Dir: James Mangold
Nominated for: Best Picture, Best Film Editing, Best Sound Editing, Best Sound Mixing.
Ford v Ferrari or as it’s known in the UK Le Mans ’66, is the latest output by James Mangold, most well known for Cop Land, Girl Interrupted, Walk The Line and both Hugh Jackman X- Men spin-offs Wolverine and Logan. A reasonably serviceable commercial director Mangold’s racing film makes more sense when using it’s U.S. moniker as although the film culminates at the Le Mans 24 hour motor race of 1966, this is really the story of the two men who forged a race winning car from the ground up, Carroll Shelby (Matt Damon) and Ken Miles (Christian Bale) in an effort to help Ford’s perceived problem of not being cool / sexy enough as compared to their more glamorous race winning counterparts at Ferrari. One big PR exercise leads to one of the only American drivers (now retired) to the ever win the Le Mans race, Shelby, to seek the assistance of slightly eccentric British (now living in the U.S.) race car river and mechanic in Ken Miles.
The film always feels a little at odds with itself, as after trying to purchase Ferrari and being turned down fairly emphatically the film shifts to a faint whiff of “we will show those I TaLyans whose best”, but all the while Matt Damon seeks to win this one for Ford whilst wearing his stetson, and by implication “fer Merica”, there is Christian Bale. It’s like two different films are happening, one with country music, cowboy boot and 60s Mad Men, while Miles played by Ken is a slightly bizarre British northern character who at any moment you wouldn’t be surprised if he just blurted out “CRACKING CHEESE GROMIT”. Seeing the trans continental Bale attempt such broad northern accent has to be one the strangest things to come out of this year’s crop of award season movies.
The biggest question is why on earth is this movie even nominated for best picture anyway? I mean it’s not a terrible movie per se. It’s slightly elongated running time of 152 minutes does give opportune time for the story to breath and apart from the slightly incongruous ways the film tries to shoehorn in Mile’s wife into the story it does get you interested (as far as someone can be who doesn’t know a carburetor from a carbon monoxide detector) in the creation of the cars and the drive (no pun intended) it takes to get from nowhere to number one against the world’s most elite racing team. The emotional anchor of Mile’s family does come across odd at times, let’s face it this is a film about blokes and cars, but the film does create a small sense of affection for it’s leads by the end, leading you to think that maybe watching a film that appears to be shot like one long Coca Cola advert wasn’t a complete waste of time.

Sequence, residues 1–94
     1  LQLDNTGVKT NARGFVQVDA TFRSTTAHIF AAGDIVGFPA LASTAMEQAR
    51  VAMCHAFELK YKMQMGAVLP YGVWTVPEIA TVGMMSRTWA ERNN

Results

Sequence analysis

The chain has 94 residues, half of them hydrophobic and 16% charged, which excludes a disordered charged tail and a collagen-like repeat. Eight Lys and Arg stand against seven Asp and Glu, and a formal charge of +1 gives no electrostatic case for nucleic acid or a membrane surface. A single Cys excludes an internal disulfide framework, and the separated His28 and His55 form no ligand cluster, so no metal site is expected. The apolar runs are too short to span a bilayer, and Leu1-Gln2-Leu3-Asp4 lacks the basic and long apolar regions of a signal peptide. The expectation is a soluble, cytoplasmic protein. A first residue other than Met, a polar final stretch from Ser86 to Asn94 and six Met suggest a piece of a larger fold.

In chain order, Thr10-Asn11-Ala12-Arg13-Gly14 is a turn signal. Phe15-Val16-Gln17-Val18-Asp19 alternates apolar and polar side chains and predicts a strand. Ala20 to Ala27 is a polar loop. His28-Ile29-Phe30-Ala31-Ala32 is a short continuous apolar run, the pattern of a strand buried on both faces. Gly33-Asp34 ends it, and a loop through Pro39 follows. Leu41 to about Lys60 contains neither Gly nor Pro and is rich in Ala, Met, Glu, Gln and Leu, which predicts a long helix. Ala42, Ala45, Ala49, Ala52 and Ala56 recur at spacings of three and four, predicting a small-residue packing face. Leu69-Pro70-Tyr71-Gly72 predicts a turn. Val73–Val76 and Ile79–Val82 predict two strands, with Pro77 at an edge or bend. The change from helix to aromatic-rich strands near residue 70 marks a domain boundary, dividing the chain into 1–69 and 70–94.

I have no doubt some of the race scenes will irk racing buffs for a few of their more unbelievable moments despite it being a true story (the director seems to admit he knows nothing about racing) but as drama the high speed editing and camera work come together quite well and will be relatively enjoyable even if it’s not your thing. The stakes in the races are clearly laid out in advance, and thus you do care enough about what happens in the races when they happen. Racing movies always have limitations, but this one does have sharp dramatic racing scenes and enough running time to make you at feel at home with the characters whom the always watchable Damon and Bale ably play. It’s a bit cartoonish and definitely not a best picture contender but for those reasons it’s not a total crash and burn. There are worse ways to throw away a few hours whilst eating popcorn.
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